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Mary Fulbrook

Mary Jean Alexandra Fulbrook, FRHistS, FBA (née Wilson; born 28 November 1951) is a British academic and historian. Since 1995, she has been Professor of German History at University College London.[1] She is a noted researcher in a wide range of fields, including religion and society in early modern Europe, the German dictatorships of the twentieth century, Europe after the Holocaust, and historiography and social theory.[2]

Early life

Fulbrook was born Mary Jean Alexandra Wilson on 28 November 1951 to Professor Arthur J. C. Wilson and Dr Harriett C. Wilson (née Friedeberg). She was educated at Sidcot School, an independent day and boarding school in Somerset, and at King Edward VI High School, an all-girls independent school in Birmingham. She went on to study at Newnham College, Cambridge. In 1973, she graduated with a double first class Bachelor of Arts (BA) degree; this was converted to Master of Arts (MA Cantab) in 1977. She then moved to the United States where she undertook post-graduate study at Harvard University. She completed her Master of Arts (AM) degree in 1975 and her Doctor of Philosophy (PhD) degree in 1979.[1]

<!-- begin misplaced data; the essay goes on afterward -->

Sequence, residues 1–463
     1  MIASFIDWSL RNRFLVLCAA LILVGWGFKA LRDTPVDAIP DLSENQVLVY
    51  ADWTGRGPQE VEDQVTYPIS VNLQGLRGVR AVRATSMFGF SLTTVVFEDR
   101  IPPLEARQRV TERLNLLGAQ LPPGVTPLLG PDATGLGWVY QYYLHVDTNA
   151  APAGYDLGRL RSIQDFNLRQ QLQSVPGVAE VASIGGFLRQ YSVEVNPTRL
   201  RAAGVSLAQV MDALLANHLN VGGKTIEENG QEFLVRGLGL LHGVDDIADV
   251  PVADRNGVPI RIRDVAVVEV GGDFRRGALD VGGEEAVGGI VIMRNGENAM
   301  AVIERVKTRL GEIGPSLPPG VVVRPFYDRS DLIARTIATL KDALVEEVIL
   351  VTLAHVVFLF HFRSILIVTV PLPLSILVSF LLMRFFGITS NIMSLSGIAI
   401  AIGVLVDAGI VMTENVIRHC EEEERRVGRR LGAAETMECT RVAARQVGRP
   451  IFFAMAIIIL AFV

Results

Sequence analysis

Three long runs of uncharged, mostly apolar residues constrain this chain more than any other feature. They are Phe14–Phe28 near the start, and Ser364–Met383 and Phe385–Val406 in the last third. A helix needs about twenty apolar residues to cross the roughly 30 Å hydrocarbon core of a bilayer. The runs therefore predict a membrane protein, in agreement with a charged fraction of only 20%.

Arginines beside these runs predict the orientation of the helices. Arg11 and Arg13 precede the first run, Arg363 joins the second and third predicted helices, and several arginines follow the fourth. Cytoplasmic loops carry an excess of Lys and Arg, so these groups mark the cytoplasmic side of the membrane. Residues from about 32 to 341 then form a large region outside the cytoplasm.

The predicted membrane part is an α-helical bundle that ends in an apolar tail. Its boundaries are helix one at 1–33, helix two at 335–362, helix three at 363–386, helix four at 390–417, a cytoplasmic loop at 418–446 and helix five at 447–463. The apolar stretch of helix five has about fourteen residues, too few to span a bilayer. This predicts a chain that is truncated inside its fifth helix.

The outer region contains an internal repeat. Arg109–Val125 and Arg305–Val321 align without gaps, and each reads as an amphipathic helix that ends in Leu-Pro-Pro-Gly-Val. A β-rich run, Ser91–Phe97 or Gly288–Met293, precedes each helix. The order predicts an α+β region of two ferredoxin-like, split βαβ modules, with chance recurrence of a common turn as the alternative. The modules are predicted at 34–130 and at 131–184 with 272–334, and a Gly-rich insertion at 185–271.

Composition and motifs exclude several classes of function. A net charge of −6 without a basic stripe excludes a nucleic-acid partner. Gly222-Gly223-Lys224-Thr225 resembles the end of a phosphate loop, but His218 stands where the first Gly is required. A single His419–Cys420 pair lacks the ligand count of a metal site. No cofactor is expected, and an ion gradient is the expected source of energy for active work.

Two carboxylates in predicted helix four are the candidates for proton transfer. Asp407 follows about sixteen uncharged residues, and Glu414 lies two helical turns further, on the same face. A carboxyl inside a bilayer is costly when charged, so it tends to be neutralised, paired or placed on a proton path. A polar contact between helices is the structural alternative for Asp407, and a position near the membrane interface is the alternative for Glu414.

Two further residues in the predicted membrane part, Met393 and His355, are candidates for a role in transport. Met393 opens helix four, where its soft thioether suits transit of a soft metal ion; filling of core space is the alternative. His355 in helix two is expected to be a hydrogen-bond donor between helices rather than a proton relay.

Academic career

She has served as the Chair of the German History Society, indeed she was its first female chair and was, together with Richard J. Evans, a founding Editor of its journal, German History.[3][4]


In 2007, Fulbrook was elected Fellow of the British Academy (FBA).[2] She is also an elected Fellow of the Royal Historical Society (FRHistS).[5]

Selected publications

  • Fulbrook, M. (1999). German national identity after the Holocaust. Cambridge: Polity Press.
  • Fulbrook, M. (2003). Historical theory. Routledge.
  • Fulbrook, M. (2012). A Small Town Near Auschwitz: Ordinary Nazis and the Holocaust. Oxford University Press.[6]


  1. ^ a b "FULBROOK, Prof. Mary Jean Alexandra". Who's Who 2015. A & C Black. October 2014. Retrieved 28 November 2014. 
  2. ^ a b "FULBROOK, Professor Mary". British Academy Fellows. British Academy. Retrieved 29 November 2014. 
  3. ^ UCL: Mary Fulbrook (Accessed July 2013)
  4. ^ Evans, Richard J. and Mary Fulbrook (1984) Editorial, German History Volume 1 Issue 1.
  5. ^ "Fellows - F" (PDF). The Royal Historical Society. Retrieved 29 November 2014. 
  6. ^ Alberge, Dalya (2012) Historian uncovers her family link to secret Nazi's role in the Holocaust: The guilty tale of the German civil servant who married her godmother is revealed in a new book by historian Mary Fulbrook, The Observer, Sunday 16 September.

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